I’m with Earther on this – I think it has to do with the rising popularity of Japanese styles in animation and comic art, which defines a lot of style in science fiction media generally, particularly games. Gothic Sci Fi, which was part of the same trend that produced western Death Metal and underground comix culture, has to some extent given way to Anime-styled Cyberpunk, which is itself much more Japanese in style, while Gothic Sci Fi was more European. A lot of the examples you show above are pretty “heavy metal,” to paint with a broad brush, while the newer ones are more “anime.”
Because of the requirements of comic art in the mass-produced, large-volume styles of manga and anime, you’re going to see smoother surfaces and more form-fitting costumes that are easier to repeat panel to panel or frame to frame, and emphasize physique and motion, keeping the action moving from page to page. It’s also the reason Superman wears his underpants to fight crime, just in a more modern form. However, comic art and graphic design of a more Underground or “Gothic” approach, say, Warhammer 40K, H.R. Geiger, Geof Darrow, and the like, are going to have a greater emphasis on costume, complexity, making the reader examine the excruciating minutiae of each page. Compare Ghost in the Shell to Hard Boiled.
I think we’re seeing more of the former style in games media and miniatures at the moment, whereas twenty or (good God) thirty years ago, when heavy metal was more popular and punk style had a more Western flavor to it, I think it was the reverse.11/06/2015 at 13:12 #26045
It’s interesting that Kev White of Hasslefree sculpted the first three examples of new school posted by AB, possibly reflecting Kev’s own media tastes. But it would be rather cool if Mr White sculpted something in an old school SF style, like the Spacelords and the redone Asgard ranges.
I so want this to happen!16/06/2015 at 11:39 #26201
Because of this thread, I have now dug out my ancient Citadel Spacefarers, Denizen and Asgard space loons for some paint-stick action. Wish me luck.16/06/2015 at 13:20 #26204General SladeParticipant
Yes. They’ve changed.
Or maybe they have just come full circle? There certainly isn’t much surface detail on this Minifigs Valka Spacewoman.16/06/2015 at 22:08 #26225
Urgh. An oldie but not a goldie. She’s a munter.17/06/2015 at 00:45 #26226General SladeParticipant
Much as I like Minifigs even I have to admit they never really mastered the female form.17/06/2015 at 02:51 #26230EtrangerParticipant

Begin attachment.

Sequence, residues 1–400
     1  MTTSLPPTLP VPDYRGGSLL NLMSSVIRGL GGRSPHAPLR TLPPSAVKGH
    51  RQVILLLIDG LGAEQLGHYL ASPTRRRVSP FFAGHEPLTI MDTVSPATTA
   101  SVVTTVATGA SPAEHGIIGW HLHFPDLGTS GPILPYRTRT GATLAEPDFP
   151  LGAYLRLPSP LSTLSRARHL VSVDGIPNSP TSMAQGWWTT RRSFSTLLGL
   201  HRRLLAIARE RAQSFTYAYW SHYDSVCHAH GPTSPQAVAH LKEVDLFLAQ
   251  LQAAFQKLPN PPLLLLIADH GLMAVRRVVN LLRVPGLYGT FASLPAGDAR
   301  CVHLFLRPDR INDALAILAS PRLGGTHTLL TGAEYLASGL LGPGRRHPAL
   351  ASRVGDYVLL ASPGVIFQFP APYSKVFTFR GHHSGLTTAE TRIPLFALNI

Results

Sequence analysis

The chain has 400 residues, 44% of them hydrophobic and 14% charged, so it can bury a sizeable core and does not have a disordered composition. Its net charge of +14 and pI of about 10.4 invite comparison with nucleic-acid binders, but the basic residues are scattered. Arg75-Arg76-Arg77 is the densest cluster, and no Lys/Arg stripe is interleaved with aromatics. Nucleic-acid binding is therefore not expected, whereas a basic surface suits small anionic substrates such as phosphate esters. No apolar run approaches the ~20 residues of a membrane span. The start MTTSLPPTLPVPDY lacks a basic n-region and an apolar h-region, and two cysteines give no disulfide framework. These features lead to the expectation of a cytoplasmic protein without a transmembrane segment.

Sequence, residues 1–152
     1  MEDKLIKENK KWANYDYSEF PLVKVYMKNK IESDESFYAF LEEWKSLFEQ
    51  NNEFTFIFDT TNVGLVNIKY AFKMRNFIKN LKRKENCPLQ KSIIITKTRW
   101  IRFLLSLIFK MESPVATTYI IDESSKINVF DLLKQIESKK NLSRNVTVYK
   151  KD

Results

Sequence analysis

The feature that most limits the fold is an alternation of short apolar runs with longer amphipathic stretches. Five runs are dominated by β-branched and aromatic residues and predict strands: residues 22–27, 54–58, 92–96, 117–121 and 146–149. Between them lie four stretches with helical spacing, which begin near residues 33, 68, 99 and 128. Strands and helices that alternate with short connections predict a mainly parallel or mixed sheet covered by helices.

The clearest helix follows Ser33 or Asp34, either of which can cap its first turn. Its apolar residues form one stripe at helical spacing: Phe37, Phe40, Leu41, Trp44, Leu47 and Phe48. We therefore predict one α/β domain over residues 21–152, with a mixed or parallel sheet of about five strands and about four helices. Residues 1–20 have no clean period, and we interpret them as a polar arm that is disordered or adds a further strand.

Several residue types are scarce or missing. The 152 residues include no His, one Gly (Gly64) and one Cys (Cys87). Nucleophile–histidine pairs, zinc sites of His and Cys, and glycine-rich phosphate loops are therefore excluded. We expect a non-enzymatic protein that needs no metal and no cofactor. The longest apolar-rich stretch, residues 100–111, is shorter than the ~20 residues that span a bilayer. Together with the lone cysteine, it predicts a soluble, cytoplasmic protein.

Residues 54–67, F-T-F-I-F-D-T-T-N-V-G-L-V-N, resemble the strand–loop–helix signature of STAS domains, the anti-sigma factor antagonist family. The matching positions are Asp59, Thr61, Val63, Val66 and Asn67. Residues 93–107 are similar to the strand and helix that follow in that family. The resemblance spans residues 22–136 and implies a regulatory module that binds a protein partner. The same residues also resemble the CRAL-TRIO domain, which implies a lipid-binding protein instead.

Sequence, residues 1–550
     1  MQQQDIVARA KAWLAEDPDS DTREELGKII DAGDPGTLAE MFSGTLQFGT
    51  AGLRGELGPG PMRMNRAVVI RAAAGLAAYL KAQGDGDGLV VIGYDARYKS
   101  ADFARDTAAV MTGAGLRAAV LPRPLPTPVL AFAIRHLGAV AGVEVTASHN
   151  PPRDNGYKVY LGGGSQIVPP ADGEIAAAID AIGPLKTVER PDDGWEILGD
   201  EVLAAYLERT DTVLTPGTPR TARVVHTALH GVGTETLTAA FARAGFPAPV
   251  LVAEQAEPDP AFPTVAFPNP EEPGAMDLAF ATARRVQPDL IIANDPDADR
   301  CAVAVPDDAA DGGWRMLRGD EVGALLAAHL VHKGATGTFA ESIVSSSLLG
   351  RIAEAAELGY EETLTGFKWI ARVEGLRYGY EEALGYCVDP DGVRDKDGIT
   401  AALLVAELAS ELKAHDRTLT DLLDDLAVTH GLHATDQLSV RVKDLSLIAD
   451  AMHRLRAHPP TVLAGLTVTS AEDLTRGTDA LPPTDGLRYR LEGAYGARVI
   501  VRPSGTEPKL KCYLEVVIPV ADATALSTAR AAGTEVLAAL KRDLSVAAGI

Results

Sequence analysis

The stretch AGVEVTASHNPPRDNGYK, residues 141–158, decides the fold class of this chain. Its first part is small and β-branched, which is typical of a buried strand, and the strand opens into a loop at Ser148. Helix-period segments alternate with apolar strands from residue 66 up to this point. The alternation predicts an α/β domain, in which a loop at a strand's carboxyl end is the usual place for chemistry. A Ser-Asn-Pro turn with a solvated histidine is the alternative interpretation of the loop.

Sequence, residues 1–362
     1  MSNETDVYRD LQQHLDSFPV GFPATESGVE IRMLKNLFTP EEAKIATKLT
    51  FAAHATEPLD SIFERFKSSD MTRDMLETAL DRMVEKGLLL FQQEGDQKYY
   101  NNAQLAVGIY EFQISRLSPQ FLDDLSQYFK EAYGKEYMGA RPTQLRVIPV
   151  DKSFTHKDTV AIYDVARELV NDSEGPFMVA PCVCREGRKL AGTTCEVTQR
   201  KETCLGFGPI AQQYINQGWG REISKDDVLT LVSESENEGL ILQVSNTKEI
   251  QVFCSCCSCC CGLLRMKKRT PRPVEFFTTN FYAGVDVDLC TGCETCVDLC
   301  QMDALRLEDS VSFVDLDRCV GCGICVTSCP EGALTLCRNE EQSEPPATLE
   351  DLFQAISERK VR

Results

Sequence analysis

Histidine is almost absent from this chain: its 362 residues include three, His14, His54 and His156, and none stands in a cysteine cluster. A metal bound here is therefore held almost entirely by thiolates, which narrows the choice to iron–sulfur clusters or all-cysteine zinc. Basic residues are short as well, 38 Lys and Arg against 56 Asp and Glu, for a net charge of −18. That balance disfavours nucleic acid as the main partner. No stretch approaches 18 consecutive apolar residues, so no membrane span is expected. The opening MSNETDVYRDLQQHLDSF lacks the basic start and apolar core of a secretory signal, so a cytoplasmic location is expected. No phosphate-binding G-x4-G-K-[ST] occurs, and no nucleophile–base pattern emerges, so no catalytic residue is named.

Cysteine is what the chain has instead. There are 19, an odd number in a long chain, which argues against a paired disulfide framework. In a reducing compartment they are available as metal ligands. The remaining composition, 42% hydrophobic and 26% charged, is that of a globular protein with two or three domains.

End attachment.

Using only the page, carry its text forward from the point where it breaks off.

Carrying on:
Styles come and go & you’ve got to look at the broader trends in sci-fi too EG movies, electronic games and the like which is where the inspiration for many of the recent figure styles comes from. HALO has a lot to answer for…..17/06/2015 at 14:58 #26248paintpigParticipant
Surely they are subject to fashion just as most objects and ideas are?
Writers, artists, game and movies designers etc etc. explore new themes and styles so it is little wonder things like sci-fant are able to constantly evolve and re-invent. I like the sleeker unencumbered style I see in sci-fi films and figure nowadays it makes sense to me on a number of levels, from functional to stylistic taste. Yet I love the 50’s futurism of games and artwork from the Fallout series of console games, I guess a lot depends on the where the figure designer sits on the sci-fi spectrum on a particular day. I call the decline in the amount of lumps and bumps on the figure a maturing of technology in the world they inhabit, I also think I’m a bit of a wanker… go with your strengths
I've learned that people will forget what you said, people will forget what you did, but people will never forget how you made them feel
Slowly Over A Low Flame17/06/2015 at 16:29 #26252CosmotigerParticipant
I would say there was a intermediate style between”old school-Heavy Metal” and “new style-Anime-Infinity.” For many years (for the sake of argument, let’s say early 90’s to early 2000’s), there was a lot of what I call “Space Vietnam” or “History in Space.” Much of which was influenced by the movie “Aliens.”
By Space Vietnam, I mean things like the Grenadier Future Wars troopers and the GW Catachan Jungle fighters, and original Cadians ( all based on the the Aliens/Vietnam style, I think). Jumping off from that, there were other historical or modern troops re-castas sci-fi. There was a ton of that in the 90’s. All the GW Imperial guard of the 90’s and the original Warzone figures are examples of other historical types re-cast as SF. It’s not exactly either of the styles discussed above:17/06/2015 at 16:51 #26255CosmotigerParticipant